2 to 4 cups buttermilk
1 large egg plus 1 tablespoon water, mixed

Preheat the oven to 375.

Grease a baking sheet with butter, then dust it with sweet rice flour.

Mix together the almond flour, sorghum flour, sweet rice flour, teff flour and potato flour. Whisk them together to aerate and incorporate them. Mix in the flaxseed, oats, baking soda and salt. Toss in the currants and mix them into the flours.

Make a well in the center of the dry ingredients and pour in the buttermilk. Add buttermilk, mixing, until the dough is moist and soft but not wet, with no visible flour left. You will probably use about 3 cups, but feel free to use less or more, depending on your kitchen.

Turn the dough out onto the baking sheet. With lightly floured hands, shape the dough into a round about 3 inches thick. Cut a deep cross into the top of the loaf with a wet, serrated knife. Brush on the egg wash evenly.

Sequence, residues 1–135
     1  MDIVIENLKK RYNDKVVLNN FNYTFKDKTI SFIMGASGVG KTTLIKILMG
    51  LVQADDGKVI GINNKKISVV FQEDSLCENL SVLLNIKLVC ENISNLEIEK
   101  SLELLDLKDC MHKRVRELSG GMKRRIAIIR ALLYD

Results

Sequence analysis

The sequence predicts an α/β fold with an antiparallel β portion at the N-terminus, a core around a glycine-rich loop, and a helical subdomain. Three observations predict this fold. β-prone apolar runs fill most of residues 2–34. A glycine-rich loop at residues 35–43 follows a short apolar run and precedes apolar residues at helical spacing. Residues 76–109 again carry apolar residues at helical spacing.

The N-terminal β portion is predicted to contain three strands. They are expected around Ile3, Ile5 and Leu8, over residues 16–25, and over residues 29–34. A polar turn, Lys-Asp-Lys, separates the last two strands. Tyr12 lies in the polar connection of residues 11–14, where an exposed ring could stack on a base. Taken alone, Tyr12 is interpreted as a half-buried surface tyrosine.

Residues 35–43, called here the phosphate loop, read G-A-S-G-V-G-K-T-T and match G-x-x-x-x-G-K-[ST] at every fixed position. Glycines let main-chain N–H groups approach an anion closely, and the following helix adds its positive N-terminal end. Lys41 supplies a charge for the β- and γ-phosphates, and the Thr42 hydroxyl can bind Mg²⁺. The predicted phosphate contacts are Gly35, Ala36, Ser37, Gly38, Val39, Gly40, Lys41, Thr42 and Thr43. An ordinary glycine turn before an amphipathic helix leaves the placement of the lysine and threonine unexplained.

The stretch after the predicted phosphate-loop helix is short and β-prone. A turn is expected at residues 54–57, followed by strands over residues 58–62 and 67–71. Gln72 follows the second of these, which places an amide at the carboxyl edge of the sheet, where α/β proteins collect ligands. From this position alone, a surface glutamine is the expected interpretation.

Bake until the crust is dark brown and you hear a hollow thump on the bottom when you tap it, about 45 to 60 minutes.

Happy St. Patrick’s Day!

Shauna James Ahern blogs about living the (gluten-free) sweet life at Gluten-Free Girl and the Chef. Her new cookbook, Gluten-Free Girl and the Chef, is available in bookstores now.

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Comments (1,682)

  1. Kelly says:

    Oats have gluten.

    • Lana says:

      No they do not, but they are often processed in facilities that also process wheat. hence them getting a bad rap. Bob's has a great gluten free version.

      Hope that helps you.

  2. Ocean says:

    I found the same thing as Karen. The texture was "off" and my loaf too got hard in less than a day.